by: Hobart Taylor
Allison Au Quartet - Forest Grove - (Self Released)
Toronto based alto saxophonist Allison Au has a distinctive and conversational tone that sets her apart from the crowd. That's the first thing I hear, a distinctive timbre that seems authentic and personal and not at all derivative. Her tunes are gorgeously melodic and free flowing, often teetering on the knife edge between inspired improvisation and carefully crafted composition. She is joined by keyboardist (and producer) Todd Pentney, bassist Jon Maharaj, drummer Fabio Ragnelli, and vocalese harmonies on three tracks by Felicity Williams.
Some of the tunes fit neatly into trad jazz catagories, (the swinging "Aureole" and the soulful march "Deluge"), and others go their own way, thoughtful explorations into the world defying easy categorization, ("Through Light", "Bolero" and "Tumble"). All of the tunes are wonderous, and my personal fave is the atmospheric "You Ordinary Stranger" featuring various voicings from Pentney and an elusive through line that while difficult to follow seems inevitatble and satisfying.
Ibrahim Maalouf - Kalthoum - (Impulse)
French/Lebanese trumpeter Maalouf is classically trained, a childhood pupil of premier virtuoso Maurice Andre, but presents here a type of jazz based world music that is not the forced amalgamation of genres but rather the emergence of a personal understanding of the influences in the experiences of Maalouf the artist.
In this suite of tunes inspired by the music of Oum Kalthoum who died in 1976,(she was the Egyptian singer who many regard as one of the greatest performers of popular music in the Arabic world, or any world), Maalouf's seemingly traditional Middle Eastern melodies cascade and intertwine with jazz forms and instrumentation in a way that maintains the integrity and feel of the their sources while simultaneously appealing to listeners more accustomed to western popular music.
Stacey Kent - Tenderly - (Okeh)
Stacey Kent is a classic jazz singer. There are so many so-so jazz vocalists, folks who sing the standards adequately but Kent is not one of them. Confident yet casual, her phasing and tone contain all the hallmarks of the greats without being imitative. She makes the zombie tunes dance, "Tangerine", "The Very Thought of You", "Embracable You" and best of all "Tenderly" within the warm musical embrace of Brazilian guitarist Roberto Menescal and reed player Jim Tomlinson. Speaking of Menescal perhaps the strongest track is her rendition of this maestro's song, "Agarradinhos".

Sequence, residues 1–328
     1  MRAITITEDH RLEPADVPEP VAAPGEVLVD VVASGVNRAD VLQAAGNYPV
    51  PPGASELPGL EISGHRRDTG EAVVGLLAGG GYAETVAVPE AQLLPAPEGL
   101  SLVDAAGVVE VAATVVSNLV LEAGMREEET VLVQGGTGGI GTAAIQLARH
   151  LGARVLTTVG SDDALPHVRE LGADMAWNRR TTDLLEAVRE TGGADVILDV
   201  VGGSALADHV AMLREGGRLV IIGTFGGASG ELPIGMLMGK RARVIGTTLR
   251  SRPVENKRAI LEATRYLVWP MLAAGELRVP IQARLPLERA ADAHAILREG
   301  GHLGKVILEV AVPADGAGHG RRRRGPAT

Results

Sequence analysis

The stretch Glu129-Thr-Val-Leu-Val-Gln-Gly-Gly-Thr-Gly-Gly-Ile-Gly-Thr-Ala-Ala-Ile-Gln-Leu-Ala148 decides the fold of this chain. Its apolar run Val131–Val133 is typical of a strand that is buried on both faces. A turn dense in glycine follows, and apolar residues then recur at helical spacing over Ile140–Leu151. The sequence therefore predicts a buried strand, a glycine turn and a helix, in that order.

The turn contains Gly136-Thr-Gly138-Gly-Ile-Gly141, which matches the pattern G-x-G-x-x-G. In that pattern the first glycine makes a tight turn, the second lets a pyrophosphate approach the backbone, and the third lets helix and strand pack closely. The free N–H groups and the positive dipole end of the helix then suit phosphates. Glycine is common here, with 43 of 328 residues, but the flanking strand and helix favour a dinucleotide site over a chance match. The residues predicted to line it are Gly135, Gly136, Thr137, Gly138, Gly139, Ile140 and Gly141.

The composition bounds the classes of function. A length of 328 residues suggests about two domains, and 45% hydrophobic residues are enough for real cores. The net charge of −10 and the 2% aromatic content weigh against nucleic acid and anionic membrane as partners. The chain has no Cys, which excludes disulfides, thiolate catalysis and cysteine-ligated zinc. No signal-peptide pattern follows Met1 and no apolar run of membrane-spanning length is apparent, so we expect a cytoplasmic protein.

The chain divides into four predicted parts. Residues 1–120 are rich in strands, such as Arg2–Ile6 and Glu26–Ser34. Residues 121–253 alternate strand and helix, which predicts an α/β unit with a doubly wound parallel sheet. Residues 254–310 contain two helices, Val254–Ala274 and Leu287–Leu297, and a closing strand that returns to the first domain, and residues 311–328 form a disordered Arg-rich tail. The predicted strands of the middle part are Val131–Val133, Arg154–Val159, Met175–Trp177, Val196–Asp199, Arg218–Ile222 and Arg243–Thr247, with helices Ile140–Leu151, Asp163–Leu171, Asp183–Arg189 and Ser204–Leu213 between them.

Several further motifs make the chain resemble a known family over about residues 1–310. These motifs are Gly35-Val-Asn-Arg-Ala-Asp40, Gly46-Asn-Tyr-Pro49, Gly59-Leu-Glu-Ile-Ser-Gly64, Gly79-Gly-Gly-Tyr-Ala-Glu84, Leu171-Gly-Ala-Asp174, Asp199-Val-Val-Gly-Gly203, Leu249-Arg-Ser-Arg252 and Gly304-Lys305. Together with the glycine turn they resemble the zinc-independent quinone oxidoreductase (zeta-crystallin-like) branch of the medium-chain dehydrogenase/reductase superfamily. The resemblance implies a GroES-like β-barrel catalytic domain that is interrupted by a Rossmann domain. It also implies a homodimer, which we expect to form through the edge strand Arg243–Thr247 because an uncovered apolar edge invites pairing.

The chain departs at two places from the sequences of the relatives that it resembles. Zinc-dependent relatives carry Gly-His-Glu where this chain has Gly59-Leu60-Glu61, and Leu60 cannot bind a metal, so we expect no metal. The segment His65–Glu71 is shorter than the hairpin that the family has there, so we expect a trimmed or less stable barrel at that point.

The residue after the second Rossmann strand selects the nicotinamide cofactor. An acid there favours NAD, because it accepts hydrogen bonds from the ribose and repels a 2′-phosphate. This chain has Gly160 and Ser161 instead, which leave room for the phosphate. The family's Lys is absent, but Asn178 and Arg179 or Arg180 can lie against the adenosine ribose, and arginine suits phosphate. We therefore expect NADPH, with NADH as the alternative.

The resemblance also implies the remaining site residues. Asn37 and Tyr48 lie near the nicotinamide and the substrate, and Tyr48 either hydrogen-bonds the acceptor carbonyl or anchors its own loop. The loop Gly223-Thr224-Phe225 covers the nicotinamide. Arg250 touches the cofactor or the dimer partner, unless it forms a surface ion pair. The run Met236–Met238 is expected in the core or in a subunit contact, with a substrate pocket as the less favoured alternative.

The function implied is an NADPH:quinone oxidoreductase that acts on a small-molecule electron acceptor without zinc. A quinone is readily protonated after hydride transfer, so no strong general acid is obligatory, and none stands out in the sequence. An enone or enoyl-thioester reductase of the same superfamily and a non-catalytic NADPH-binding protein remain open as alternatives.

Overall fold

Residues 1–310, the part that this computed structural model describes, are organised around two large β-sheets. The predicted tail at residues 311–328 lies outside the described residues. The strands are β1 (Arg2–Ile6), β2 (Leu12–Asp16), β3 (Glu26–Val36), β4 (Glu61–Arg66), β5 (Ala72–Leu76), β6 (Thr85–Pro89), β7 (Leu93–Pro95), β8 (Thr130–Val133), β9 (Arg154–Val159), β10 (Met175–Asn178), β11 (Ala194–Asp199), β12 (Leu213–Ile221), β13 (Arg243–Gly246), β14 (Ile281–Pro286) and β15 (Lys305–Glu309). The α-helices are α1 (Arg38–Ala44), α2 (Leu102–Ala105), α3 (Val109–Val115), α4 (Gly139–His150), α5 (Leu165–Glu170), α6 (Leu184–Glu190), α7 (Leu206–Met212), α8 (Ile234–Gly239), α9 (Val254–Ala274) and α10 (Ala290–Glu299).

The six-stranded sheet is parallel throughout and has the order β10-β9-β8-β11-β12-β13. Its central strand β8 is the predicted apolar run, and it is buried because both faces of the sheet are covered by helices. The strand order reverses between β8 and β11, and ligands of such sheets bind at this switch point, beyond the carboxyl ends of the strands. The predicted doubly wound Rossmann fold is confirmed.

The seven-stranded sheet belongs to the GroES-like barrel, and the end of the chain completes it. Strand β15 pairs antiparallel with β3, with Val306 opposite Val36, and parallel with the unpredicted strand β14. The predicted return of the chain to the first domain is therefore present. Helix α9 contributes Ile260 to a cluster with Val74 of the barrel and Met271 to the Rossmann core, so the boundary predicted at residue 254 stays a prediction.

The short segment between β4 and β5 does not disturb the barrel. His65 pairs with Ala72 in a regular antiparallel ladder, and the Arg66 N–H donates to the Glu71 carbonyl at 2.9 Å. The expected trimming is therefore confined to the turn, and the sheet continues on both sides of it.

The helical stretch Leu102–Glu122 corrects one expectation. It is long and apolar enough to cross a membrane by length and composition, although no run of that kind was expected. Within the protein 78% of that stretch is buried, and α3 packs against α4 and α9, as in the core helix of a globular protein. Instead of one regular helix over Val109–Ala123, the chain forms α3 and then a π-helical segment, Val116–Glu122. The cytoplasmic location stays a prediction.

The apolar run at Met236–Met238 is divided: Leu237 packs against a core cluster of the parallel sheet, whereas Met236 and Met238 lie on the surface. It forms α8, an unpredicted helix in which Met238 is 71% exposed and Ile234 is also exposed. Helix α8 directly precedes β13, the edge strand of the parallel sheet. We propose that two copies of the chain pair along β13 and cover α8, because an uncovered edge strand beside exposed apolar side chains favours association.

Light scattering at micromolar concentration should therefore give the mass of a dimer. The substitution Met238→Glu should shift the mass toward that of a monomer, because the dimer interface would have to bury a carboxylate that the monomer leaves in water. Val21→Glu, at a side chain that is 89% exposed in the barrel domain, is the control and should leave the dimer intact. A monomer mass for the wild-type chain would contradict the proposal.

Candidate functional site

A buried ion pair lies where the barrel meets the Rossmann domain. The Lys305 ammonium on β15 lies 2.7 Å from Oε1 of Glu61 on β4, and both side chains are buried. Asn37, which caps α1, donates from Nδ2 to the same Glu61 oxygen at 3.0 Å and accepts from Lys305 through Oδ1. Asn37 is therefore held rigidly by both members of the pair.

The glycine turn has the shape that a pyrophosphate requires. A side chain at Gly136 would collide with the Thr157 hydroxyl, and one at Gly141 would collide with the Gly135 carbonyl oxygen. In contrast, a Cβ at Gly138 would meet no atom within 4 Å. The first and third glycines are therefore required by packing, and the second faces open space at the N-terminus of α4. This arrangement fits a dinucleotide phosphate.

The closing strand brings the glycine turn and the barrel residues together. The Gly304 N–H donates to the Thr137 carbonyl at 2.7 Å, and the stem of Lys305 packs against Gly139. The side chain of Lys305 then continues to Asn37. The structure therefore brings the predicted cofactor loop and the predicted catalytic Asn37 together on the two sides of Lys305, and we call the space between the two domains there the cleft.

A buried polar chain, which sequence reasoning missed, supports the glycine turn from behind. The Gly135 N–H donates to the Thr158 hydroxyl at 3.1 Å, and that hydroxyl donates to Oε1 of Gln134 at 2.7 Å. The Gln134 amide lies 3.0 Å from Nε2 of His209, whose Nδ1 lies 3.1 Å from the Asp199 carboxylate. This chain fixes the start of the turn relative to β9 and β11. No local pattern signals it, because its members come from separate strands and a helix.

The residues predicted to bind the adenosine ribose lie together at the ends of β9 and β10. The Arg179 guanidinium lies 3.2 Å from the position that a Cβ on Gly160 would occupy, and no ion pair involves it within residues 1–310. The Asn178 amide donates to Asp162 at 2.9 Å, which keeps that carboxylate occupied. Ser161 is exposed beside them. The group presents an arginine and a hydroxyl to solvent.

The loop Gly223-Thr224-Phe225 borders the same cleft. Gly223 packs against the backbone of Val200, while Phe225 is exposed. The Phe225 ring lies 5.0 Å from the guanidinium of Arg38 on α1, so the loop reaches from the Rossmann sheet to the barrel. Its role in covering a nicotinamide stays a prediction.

Brian Andres and the Afro-Cuban Jazz Cartel - This Could Be That - (Bacalao Records)
The sub-genere of Latin jazz cruises right along through the heart of jazz history. It is a format that keeps big band music vibrant and popular. An uninterrupted stream of Cuban, Puerto Rican, Domenican,and Colombian style releases and the Miami sound, (a hybrid of various Latin traditions),along with the continued success of clubs supporting this music allow for both a rich tradition and room for innovation deep in the arrangements of the tunes.
The Bay Area has long been a welcoming environment for bands that want to keep the music alive while exploring. There are so many musicians there who are not tied to one style of playing that these bands often harbor surprising diversity both in their composition and performance styles. Such is the case with The Afro-Cuban Cartel.
Check out "Esto Puede Ser Eso (This Could Be That)", "Limite" and especially "Relativity".
Daniela Mercury - Virtual Vinyl - (DRG Brazil)
Mercury is a singer-songwriter who embraces jazz, samba, Afro-Brazilian roots music, rap, rock and folk styles to propel her impassioned poetry. With 14 number one hit records in Brazil you might think she's a pop monster, but while these are slickly produced numbers, they haven't sacrificed spirit for shine. My Faves: the hard driving "Maria Casaria", the sunny beat "God, Allah, Gilberto Gil" and the masterfully produced "Frogs in the Sky" which is sung in English.